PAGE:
‘‘Two Thousand’‘ proposed Anita, her practiced eye taking in the air conditioned car and the Armani Suit.
‘‘Eh?’‘ The man raised his eyebrow as if amused. But showed no indication that he was interested.
Anita was holding her breath. The business was not very good for the past few nights. And the kid’s school fees were due. She had to have this one.
‘‘Fifteen Hundred?’‘ She tried to adjust her pose, to draw his attention to her assets. Haggling was hard work. A desperate ‘‘please, please, please’‘ hung in air, silent.
‘‘Get in’‘ said he.
‘‘I wont stay for long’‘ Anita tried to set the ground rules, indicating that he would have the honour of her full night‘s service, only if he had agreed to pay the full amount.
He didn’t seem to notice that.
She stepped into the soothing climate controlled air , thankful to be at last away from the heat and humidity and subtly sniffed the arm prits. There is nothing like a bit of body odor to put off men, she had learnt her lesson early in her career. Then it would make a wasteful journey.
‘‘Five Hundred to the school, Two Hundred to the milk man, Two hundred to the vegetable vendor, A Hundred for the Lord Shiva temple’‘……. Closing the eyes, she started ticking off silently. A few hours of work today would cover some of the bills. And some money needs to go to the Savings Account towards the kid’s education.
‘‘What’s your name’‘? The driver asked casually.
‘‘Rani’‘ Anita replied automatically.
Rani had been her alter ego for years now. Ever since Rohan died in an automobile accident, leaving Anita and the kids to fend for themselves in the big bustling city of Mumbai. Ever since the day, when Anita, draped her heavy silk sarees and jasmine flowers, finally agreed to pay a visit to the old, hawkish landlord who threatened to throw her and the children out otherwise. And later on to others too, when Ram was caught a fever and hospitalized, then Juhi was sent back home from school for not paying her fees. Ever since Ram fainted at school because he had nothing to eat for 2 consecutive days. The evolution was stressful, to say the least. But here she is, seen all, done all- almost a professional.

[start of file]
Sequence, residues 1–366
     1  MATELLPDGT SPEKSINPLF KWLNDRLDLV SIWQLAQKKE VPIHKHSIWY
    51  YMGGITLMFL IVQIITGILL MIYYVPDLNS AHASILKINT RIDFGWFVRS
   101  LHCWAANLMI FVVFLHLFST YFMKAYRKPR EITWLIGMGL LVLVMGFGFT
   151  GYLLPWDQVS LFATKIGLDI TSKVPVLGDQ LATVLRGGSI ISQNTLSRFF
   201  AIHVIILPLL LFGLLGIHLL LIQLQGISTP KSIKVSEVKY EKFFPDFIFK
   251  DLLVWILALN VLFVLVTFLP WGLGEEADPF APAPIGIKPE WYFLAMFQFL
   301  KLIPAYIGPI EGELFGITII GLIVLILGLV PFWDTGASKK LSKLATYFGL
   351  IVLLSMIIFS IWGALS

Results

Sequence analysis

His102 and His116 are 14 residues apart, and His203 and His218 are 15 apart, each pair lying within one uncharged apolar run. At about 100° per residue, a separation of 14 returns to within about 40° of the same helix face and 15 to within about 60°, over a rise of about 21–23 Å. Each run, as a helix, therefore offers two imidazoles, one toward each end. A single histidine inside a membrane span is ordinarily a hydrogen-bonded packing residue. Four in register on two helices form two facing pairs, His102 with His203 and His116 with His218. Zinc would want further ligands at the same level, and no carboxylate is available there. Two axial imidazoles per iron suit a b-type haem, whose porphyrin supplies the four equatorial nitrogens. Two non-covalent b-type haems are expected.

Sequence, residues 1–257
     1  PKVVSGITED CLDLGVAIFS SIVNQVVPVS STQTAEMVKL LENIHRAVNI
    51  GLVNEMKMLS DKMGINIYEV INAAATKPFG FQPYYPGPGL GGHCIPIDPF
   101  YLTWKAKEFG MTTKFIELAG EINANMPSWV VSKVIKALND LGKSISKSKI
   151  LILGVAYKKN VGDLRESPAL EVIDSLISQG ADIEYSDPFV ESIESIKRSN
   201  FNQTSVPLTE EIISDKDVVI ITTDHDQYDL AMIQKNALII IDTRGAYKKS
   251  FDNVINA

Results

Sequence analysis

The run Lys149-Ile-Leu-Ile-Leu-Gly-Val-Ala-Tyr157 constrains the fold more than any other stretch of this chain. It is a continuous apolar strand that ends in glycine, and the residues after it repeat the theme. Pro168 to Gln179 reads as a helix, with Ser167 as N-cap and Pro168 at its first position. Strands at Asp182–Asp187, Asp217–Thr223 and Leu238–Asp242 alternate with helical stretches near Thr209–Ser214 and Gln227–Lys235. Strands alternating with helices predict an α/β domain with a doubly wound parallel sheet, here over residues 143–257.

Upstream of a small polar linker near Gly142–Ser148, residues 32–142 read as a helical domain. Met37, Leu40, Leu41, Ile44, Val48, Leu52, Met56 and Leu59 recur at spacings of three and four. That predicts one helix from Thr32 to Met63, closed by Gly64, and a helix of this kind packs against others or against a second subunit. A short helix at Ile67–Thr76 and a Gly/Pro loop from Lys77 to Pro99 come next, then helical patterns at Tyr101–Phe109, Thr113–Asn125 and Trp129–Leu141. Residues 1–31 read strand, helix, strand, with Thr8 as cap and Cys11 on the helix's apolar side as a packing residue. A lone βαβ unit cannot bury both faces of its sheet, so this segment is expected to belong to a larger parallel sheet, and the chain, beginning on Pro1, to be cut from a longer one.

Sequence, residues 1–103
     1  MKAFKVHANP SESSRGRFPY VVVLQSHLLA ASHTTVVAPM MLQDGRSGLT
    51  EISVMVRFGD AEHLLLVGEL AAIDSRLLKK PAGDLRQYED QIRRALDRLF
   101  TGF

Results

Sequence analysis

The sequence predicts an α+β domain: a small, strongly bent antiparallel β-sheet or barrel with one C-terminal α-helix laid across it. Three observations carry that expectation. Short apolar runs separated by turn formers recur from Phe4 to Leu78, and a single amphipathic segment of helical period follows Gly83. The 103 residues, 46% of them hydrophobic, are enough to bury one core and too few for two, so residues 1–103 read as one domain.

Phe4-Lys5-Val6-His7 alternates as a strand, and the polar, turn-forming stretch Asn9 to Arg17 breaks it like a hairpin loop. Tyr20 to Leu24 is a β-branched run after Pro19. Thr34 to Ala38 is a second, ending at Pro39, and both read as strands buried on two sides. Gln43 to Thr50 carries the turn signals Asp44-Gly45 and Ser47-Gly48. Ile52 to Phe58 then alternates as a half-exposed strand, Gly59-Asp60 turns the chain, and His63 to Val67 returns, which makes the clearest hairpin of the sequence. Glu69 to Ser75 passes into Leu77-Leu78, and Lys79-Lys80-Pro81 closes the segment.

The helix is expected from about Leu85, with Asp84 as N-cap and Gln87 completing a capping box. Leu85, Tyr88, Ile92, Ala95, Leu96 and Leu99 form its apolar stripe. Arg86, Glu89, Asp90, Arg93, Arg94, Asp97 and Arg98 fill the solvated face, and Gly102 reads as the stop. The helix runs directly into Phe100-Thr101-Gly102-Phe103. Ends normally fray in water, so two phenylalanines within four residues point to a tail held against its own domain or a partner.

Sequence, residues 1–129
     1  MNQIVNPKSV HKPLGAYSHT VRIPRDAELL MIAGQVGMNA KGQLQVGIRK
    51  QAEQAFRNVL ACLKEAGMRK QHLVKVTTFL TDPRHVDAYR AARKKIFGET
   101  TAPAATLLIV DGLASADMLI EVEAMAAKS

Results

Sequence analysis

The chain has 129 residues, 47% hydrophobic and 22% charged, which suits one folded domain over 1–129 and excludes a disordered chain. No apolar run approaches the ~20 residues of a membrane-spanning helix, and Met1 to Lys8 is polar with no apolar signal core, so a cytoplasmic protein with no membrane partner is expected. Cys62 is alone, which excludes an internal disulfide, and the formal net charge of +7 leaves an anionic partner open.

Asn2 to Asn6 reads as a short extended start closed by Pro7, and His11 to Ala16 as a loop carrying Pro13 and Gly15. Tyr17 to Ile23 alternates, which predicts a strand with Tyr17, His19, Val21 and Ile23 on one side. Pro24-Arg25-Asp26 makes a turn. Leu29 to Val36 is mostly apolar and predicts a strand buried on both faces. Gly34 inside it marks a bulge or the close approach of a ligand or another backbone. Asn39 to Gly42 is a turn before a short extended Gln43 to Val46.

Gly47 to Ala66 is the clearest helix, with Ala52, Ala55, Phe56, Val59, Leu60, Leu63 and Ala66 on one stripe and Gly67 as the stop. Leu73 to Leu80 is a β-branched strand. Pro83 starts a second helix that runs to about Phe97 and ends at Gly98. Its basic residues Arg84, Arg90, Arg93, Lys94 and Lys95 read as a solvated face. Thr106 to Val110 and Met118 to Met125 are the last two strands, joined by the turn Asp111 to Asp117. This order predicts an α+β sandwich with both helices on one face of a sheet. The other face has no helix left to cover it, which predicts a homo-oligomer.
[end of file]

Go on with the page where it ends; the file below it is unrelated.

The man fell silent , negotiating expertly the route to the nearest cheap motel. A blessing, thought Anita. There are some creeps, who bore you with their biographies too, as if boring in bed was not enough.
Wearily glancing around, she wondered whether Ram and Juhi had finished their dinner of chapattis and curry. Ram had a bit of temperature when she left . Now, if the temperature wouldn’t subside, she might have to take him to the doctor in the morning. Then, to cover the doctor’s bills, she would have to ‘‘work’‘ a few hours extra. Perhaps a second customer on the same day.
‘‘Oh, Shiv Mahraj, I will put a 50 rupee note in your bhandar tomorrow, if Ram is alright’‘ offered Anita, desperately praying that the God will take that bait.
‘‘Rani, do you dance?’‘ asked the driver.
‘‘Yes Ji’‘, replied Anita, reminiscing all the years of religiously practicing the Indian Classical dance. Of learning to emulate peacocks with her fingers and Rasas with her eyes. Of indicating love with a gracious tilt of the head and fear with raised eyebrows. The Mudras and Adavu’‘s one has to practice over and over.
Back in the village, her amma used to say ‘‘A girl has to know classical dance and music to be a good housewife’‘ True to the Hindu tradition, Anita had learnt all classical art forms, along with cooking and cleaning in preparation for the marriage. She was being chiseled out to be the perfect Indian bride.